Prof. Mascolo has developed a sound-collecting app to help train machine learning algorithms to detect the tell-tale sounds of coronavirus infection. Created as part of a project called EAR, she hopes it might eventually lead to new ways of diagnosing respiratory diseases and help in the global fight against coronavirus.

by   -   May 15, 2020

AIhub coffee corner

The AIhub coffee corner captures the musings of AI experts over a 30-minute conversation. In light of the recent EU whitepaper on AI and US proposed guidance for regulation, our experts discuss how far regulation should go.

by   -   May 14, 2020

ICLR website
The virtual International Conference on Learning Representations (ICLR) was held on 26-30 April and included eight keynote talks, with a wide range of topics covered. In this post we summarise the first four presentations. Courtesy of the conference organisers you can watch the talks in full and see the question and answer sessions too.

by   -   May 13, 2020

deep learning-assisted nanofabrication

The semiconductor industry as we know it is facing a critical roadblock that will lead to the end of Moore’s law. As transistors continue to shrink, quantum effects have a significant negative consequence on their operation. As such, the development of “beyond CMOS devices” has begun.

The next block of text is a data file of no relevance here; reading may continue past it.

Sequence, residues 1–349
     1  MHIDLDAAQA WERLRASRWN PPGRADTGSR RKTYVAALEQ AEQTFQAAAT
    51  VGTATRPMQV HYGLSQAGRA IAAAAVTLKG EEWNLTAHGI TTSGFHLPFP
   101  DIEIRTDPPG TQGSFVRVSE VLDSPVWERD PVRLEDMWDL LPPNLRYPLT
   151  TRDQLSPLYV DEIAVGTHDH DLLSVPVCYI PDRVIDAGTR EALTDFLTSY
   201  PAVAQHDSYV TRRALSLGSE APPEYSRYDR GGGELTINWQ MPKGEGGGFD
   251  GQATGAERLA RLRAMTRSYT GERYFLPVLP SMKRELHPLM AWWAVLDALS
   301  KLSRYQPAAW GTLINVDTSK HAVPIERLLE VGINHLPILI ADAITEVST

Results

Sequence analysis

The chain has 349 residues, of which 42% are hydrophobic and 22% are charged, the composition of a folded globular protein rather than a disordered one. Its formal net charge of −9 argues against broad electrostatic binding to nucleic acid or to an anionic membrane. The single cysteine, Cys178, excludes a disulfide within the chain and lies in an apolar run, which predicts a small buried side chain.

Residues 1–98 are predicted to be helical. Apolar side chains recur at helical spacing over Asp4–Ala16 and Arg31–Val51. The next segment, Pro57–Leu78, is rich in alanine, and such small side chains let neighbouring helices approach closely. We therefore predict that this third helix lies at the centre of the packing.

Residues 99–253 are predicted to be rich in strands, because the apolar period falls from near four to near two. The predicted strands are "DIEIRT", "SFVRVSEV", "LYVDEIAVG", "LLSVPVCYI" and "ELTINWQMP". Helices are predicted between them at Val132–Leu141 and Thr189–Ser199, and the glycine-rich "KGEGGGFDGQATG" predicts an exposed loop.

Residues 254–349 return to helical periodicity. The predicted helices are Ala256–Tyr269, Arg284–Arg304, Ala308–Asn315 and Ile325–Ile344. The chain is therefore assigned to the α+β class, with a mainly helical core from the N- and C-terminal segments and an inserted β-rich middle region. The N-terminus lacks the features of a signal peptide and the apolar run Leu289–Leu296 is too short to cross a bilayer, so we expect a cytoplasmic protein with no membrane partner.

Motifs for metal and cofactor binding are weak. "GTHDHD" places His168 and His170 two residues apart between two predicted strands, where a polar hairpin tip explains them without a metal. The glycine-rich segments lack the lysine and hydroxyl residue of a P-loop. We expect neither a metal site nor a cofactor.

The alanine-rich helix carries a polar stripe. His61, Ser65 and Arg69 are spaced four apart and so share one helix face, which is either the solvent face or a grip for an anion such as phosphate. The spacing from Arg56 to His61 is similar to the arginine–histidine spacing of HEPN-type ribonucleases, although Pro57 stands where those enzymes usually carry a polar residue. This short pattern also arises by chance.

by and   -   May 12, 2020
In unsupervised meta-learning, the agent proposes its own tasks, rather than relying on tasks proposed by a human.

By Benjamin Eysenbach (Carnegie Mellon University) and Abhishek Gupta (UC Berkeley)

The history of machine learning has largely been a story of increasing abstraction. In the dawn of ML, researchers spent considerable effort engineering features. As deep learning gained popularity, researchers then shifted towards tuning the update rules and learning rates for their optimizers. Recent research in meta-learning has climbed one level of abstraction higher: many researchers now spend their days manually constructing task distributions, from which they can automatically learn good optimizers. What might be the next rung on this ladder? In this post we introduce theory and algorithms for unsupervised meta-learning, where machine learning algorithms themselves propose their own task distributions. Unsupervised meta-learning further reduces the amount of human supervision required to solve tasks, potentially inserting a new rung on this ladder of abstraction.

by   -   May 11, 2020

Mueller report

In the latest in this series of posts, researchers from the EU-funded COMPRISE project write about privacy issues associated with voice assistants. They propose possible ways to maintain the privacy of users whilst ensuring that manufacturers can still access the quality usage data vital for improving the functionality of their products.